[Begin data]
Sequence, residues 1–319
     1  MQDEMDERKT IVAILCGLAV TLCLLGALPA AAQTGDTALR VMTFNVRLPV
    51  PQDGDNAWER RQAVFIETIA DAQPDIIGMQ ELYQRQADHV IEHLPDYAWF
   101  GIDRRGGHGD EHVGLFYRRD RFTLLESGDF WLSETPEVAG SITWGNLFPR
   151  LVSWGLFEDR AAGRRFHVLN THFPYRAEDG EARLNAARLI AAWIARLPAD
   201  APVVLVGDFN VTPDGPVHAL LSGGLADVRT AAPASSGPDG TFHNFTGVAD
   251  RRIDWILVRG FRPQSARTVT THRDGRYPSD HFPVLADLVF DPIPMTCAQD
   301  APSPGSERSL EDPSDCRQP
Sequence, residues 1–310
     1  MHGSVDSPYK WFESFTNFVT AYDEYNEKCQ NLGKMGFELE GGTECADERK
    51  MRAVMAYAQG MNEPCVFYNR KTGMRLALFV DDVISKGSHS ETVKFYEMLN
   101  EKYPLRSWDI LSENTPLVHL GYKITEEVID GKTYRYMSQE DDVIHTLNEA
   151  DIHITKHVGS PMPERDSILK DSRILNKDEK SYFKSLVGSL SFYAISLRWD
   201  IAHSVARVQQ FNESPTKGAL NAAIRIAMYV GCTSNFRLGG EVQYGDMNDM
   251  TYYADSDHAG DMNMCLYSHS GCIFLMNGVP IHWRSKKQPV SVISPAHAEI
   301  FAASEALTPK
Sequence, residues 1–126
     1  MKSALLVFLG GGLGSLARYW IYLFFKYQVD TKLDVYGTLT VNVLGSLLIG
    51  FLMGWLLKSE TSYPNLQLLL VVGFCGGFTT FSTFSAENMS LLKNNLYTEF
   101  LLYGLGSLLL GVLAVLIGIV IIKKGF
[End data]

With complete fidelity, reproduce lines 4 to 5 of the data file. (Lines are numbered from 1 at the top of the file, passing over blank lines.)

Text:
   101  GIDRRGGHGD EHVGLFYRRD RFTLLESGDF WLSETPEVAG SITWGNLFPR
   151  LVSWGLFEDR AAGRRFHVLN THFPYRAEDG EARLNAARLI AAWIARLPAD